It has been my fate, and perhaps my curse, to be one of those ever trying to figure out the mystery of things, and not least to understand humans and our (I first wrote “their”!) ways. Of course this unscrewing of the inscrutable is always tenuous, always open to revision as more evidence comes in as life goes on.
In the last couple of years I have read a couple of authors that challenged me and made me rethink things yet again. The first of these is Steven Pinker, whose book The Better Angels of our Nature: Why Violence has Declined is so counter-intuitive that I almost didn’t pick it up. And when I did I nearly threw it across the room only a chapter or so into it, as his animus toward religion, and especially Christianity was so odious (Dr Pinker is a secular Jew). Indeed, while he argues that modernization and the advent of the State have been a blessing for mankind in diminishing violence, he credits Christianity not at all for any this, aside from a couple of mentions later in the boook about Christ’s teaching on love of enemies and the pacifist witness of certain Christians. Aside from those, which he does not elaborate on, the influence of religion in history is completely odious.
But his writing is so good, and his theses so challenging that I decided to just factor this in and continue.
This main contention of the book, that violence is in decline, seems outrageous, until you read the well-documented arguments. While the 20th century was indeed the bloodiest in human history by sheer numbers, Dr Pinker shows that when you consider the growth in population that in fact the percent of men dying violently has declined dramatically, while other socially sanctioned violence- beating wives and children, public executions treated like entertainment, capital punishment for trivial crimes, etc- have also diminished.
Enter Jared Diamond, whose 1997 book Guns, Germs and Steel: The Fate of Human Societies, which deals -among many other things- with the rise of tribal culture from bands, chiefdoms from tribes, and the state from chiefdoms.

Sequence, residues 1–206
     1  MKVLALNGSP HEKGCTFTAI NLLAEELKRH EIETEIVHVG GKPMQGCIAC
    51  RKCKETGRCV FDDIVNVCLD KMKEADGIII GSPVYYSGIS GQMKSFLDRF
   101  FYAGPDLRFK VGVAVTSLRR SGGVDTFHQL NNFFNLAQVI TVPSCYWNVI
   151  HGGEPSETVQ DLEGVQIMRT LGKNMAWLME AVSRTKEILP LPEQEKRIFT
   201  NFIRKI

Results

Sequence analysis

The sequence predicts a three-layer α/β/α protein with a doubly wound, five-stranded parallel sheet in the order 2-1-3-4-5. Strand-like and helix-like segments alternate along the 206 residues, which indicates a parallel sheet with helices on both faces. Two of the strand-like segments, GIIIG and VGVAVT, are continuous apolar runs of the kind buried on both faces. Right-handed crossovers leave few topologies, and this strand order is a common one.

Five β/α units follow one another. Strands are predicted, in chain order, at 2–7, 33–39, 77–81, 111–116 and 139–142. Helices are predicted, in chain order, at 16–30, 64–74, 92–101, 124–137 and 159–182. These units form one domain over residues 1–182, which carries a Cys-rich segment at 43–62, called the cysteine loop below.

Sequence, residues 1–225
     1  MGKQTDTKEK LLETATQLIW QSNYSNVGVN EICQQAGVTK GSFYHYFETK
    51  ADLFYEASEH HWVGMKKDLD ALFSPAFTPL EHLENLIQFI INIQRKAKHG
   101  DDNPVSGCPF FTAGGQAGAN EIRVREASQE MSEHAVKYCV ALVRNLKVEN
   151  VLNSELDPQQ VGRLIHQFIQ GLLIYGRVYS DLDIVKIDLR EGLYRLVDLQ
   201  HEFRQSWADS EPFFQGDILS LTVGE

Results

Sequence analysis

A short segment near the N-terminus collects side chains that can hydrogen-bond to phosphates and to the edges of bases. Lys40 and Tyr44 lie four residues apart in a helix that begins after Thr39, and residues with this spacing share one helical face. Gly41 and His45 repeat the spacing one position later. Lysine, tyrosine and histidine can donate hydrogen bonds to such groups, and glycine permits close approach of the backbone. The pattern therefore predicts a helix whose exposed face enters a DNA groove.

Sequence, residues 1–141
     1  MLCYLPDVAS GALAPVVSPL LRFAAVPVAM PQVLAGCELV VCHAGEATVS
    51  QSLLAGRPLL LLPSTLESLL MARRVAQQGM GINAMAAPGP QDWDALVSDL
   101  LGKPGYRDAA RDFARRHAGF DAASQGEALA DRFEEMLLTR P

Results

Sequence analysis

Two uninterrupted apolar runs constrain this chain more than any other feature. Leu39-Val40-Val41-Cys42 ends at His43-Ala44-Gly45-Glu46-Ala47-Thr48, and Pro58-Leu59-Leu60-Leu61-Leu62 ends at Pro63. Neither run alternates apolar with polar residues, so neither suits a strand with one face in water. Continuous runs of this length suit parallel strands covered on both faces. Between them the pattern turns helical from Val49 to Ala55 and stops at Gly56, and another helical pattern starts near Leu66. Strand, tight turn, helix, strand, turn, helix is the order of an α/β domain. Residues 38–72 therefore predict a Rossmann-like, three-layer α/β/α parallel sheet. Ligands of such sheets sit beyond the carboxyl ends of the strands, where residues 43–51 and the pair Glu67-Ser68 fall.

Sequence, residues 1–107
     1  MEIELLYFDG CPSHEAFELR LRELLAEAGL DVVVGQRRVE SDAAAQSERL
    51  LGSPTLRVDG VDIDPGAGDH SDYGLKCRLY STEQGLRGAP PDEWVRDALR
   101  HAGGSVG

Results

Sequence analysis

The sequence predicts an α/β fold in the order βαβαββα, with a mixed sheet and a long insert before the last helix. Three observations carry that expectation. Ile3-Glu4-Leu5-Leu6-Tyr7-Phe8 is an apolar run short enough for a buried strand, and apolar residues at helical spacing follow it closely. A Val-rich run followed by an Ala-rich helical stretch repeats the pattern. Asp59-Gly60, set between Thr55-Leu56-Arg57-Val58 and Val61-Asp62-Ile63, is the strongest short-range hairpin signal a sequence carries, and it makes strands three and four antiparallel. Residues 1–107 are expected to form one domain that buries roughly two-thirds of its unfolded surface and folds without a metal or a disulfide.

Both books describe the state of so-called “primitive” humans, living in small bands, deciding things by consensus, sharing resources, with no gap of rich and poor. Sounds like the anarcho-socialist paradise, right? Wrong. The great drawback to these societies, for all their blessings, was that a huge number of (especially) men died violently; sometimes 50-60% or more of the male population. When food production through agriculture or herding (or in a few places, like the Pacific Northwest, superabundant natural resources) produces a rising population various degrees of centralization set in. The undeniable good thing about this is that violence decreases as more organized ways of settling disputes take form: no longer is the cycle of violence and vengeance left to the individual and his or her kin. What Dr Diamond more than Dr Pinker notes is the evil effects of this: the surplus of goods produced by the workers is no longer distributed evenly, but is confiscated by the now-powerful rulers (Marx’s insight) and often very unjustly hoarded, or used to build the State. Thus we see the sort of bottom-to-top redistribution of goods like that in the contemporary US, where worker productivity and corporate profits have risen over thirty years, even while the earnings of workers, and their general state, have declined.
Dr Diamond also notes that whether by nationalism or religion a new impetus is given to sacrifice one’s life in suicidal war, something unknown to tribal and pre-tribal peoples, who favor ambushes and other forms of attack that guarantee few casualties.
Thus, the human dilemma: how to regain the benefits of our decentralized ancestors while retaining the benefits of the State, how to use the State to justly redistribute goods produced by workers, how to live in peace with our neighbors, as well as with other States, how to curb nationalism and destructive religion while retaining localism and faith.
I don’t know the answer to any of this, but the questions are at least becoming clearer.